Marco Pantani's funeral will be attended by up to 40,000 mourners on Wednesday.
Pantani's send-off belies a tragic end to a troubled life
In stark contrast, Johan Sermon's passing mustered little fanfare in the media.
But his death remains equally significant as that of Pantani.
The Belgian cyclist died two days before Pantani, and, like the Italian, an autopsy highlighted apparent heart failure.
Sermon, who died in his sleep, was 21. Pantani was 34.
Their premature deaths take the total of elite cyclists to have suffered heart attacks in the last 13 months to eight. Four have been under the age of 24.
"The statistics appear to be well above average," John Brewer, Head of Human Performance at Lilleshall's Sports Injury & Human Performance Centre, told BBC Sport.
Although there is no evidence linking the cluster of deaths to drug use, a culture of controversy is endemic to cycling and they have sparked suspicion.
"I know that after this death people will talk inevitably about drug use," said Ernest de Vuyst, manager of Sermon's Daikan team.
RECENT HEART ATTACK VICTIMS
Denis Zanette (Italy)
11 January 2003; aged 32
Marco Ceriani (Italy)
5 May 2003; aged 16
Fabrice Salanson (France)
3 June 2003; aged 23
Marco Rusconi (Italy)
14 November 2003; aged 24
Jose Maria Jimenez (Spain)
6 December 2003; aged 32
Michel Zanoli (Netherlands)
29 December 2003; aged 35
Johan Sermon (Belgium)
12 February 2004; aged 21
Marco Pantani (Italy)
14 February 2004; aged 34
The spectre of drugs, particularly EPO, looms large in cycling.
"The fundamental issue is that the people who suffer a greater risk of a heart attack are those who are sedentary," Brewer told BBC Sport.
"Conversely, in people who are regularly involved in sport and exercise, even vigorous exercise where the heart is being taxed to a higher level, you would expect to see a below average risk of heart attack.
"The heart is one of the most adaptable muscles in the body and it is unlikely that it will have been weakened by the training. It will adapt and strengthen."
It is a line supported by the British Heart Foundation, which describes strenuous exercise as "highly unlikely" in being a cause for heart attacks.
"The link the cynics would make is whether the deaths are related to drug taking," Brewer adds.
"Anabolic steroids, human growth hormone and EPO have all been linked to an increased risk of heart attack.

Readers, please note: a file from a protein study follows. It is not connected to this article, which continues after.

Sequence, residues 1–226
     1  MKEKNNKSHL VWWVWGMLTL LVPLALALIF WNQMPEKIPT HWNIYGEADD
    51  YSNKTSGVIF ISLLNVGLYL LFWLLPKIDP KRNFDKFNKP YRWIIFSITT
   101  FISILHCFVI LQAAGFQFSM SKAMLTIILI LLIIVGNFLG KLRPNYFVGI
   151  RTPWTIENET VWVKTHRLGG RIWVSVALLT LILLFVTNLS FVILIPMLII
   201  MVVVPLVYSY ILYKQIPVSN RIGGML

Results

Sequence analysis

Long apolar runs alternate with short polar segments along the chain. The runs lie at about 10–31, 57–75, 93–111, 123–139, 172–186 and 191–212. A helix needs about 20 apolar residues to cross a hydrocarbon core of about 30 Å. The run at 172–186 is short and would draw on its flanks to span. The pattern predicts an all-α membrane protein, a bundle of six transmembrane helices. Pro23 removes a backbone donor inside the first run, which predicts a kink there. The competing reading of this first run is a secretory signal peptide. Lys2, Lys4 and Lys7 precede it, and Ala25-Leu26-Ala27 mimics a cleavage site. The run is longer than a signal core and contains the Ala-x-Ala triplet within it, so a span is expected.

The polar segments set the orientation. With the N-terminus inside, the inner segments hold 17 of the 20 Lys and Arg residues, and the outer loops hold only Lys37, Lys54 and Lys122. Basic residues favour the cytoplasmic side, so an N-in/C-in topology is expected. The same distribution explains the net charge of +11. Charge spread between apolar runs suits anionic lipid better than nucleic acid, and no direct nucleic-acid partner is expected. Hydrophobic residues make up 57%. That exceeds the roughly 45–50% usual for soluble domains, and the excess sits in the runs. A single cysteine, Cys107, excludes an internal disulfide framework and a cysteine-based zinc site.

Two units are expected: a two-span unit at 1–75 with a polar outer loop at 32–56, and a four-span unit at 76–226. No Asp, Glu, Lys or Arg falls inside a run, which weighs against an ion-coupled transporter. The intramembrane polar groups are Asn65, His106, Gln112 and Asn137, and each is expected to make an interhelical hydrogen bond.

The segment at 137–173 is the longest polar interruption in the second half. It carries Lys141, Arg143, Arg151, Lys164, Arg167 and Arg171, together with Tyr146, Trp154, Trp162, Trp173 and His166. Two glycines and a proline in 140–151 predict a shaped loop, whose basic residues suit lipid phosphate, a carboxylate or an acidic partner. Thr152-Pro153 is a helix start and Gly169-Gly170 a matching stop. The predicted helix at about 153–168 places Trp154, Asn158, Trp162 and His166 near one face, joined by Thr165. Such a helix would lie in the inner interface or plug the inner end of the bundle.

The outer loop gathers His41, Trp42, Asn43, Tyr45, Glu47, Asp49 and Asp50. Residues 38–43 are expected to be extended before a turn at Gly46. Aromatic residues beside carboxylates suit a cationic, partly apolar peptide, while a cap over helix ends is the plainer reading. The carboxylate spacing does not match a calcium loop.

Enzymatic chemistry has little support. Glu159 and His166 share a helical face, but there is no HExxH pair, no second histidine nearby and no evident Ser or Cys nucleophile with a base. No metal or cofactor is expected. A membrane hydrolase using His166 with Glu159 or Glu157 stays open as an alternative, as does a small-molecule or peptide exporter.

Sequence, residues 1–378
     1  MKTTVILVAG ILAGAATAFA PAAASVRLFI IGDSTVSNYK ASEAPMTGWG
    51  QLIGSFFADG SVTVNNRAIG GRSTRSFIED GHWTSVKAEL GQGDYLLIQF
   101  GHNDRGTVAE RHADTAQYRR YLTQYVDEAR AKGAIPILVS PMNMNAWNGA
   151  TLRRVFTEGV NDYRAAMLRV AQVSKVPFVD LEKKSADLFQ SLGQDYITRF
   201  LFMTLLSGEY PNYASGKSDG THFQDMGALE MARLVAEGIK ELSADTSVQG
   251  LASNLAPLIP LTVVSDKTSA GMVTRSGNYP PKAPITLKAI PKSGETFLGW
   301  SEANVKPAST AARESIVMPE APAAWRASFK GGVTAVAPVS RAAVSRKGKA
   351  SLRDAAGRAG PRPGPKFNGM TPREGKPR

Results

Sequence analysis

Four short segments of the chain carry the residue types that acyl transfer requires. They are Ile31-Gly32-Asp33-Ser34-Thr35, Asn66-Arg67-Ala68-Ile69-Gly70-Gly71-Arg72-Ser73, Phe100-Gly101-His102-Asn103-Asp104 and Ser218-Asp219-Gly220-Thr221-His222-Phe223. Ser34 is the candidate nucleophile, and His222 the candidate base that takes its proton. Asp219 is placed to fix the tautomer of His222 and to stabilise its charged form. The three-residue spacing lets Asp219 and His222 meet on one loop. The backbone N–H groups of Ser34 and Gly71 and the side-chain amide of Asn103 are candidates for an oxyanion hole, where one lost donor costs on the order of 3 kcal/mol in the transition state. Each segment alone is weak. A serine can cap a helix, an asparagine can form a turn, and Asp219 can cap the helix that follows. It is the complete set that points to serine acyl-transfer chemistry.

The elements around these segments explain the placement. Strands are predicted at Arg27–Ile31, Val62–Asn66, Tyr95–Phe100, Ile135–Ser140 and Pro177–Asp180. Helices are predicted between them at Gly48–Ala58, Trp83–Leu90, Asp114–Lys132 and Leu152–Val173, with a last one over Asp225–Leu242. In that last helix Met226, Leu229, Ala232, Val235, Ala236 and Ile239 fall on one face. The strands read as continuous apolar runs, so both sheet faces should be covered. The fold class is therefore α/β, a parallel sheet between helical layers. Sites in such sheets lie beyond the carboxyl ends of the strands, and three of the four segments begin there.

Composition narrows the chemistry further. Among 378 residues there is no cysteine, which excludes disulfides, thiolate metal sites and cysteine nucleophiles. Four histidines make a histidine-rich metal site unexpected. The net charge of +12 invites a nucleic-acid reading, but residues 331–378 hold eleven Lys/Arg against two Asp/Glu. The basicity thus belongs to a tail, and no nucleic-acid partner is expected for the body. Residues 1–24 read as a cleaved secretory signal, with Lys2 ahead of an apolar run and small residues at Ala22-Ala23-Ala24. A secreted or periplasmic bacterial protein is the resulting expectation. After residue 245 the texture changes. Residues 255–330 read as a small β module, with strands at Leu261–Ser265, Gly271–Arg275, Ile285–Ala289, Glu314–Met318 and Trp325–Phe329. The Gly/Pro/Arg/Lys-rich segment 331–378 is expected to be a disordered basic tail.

"EPO increases viscosity and can lead to higher pressure on the left ventricle which can lead to left ventricular failure."
There is circumstantial evidence of a cluster of deaths in the sport among Dutch and French cyclists between 1987 and 1991 being linked to the alleged advent of EPO in cycling.
Erythropoietin is a hormone naturally produced by the kidneys and can be artificially produced to aid the performance of endurance athletes
"However, you can put two and two together and come up with the wrong answer," Brewer added.
"There was an increased incidence of heart attacks among Swedish orienteers some years back.
"There was talk of skull-duggery but it turned out that there was a virus that had gone through the squad. It had a debilitating effect on the heart muscle and weakened it, resulting in death.
"There could be another equally plausible reason like a hereditary condition such as hypertrophic cardiomyopathy - an enlarged heart - which can be made worse by exercise, as in the case of Cameroon footballer Marc-Vivien Foe.
"Although if these men had had genetics for a high-disposition to heart attacks it is unlikely they would have become elite cyclists."
Critics suggest cycling's governing body has turned a blind eye to the issue of drug use, despite taking a more hard-line attitude in recent years.
With investigations still ongoing, the World Anti-Doping Agency refused to comment on the deaths, as did the International Cycling Union.
But Wada was keen to highlight that the UCI had agreed to sign up to its code of conduct in time for the Olympics.
For some that may prove too late.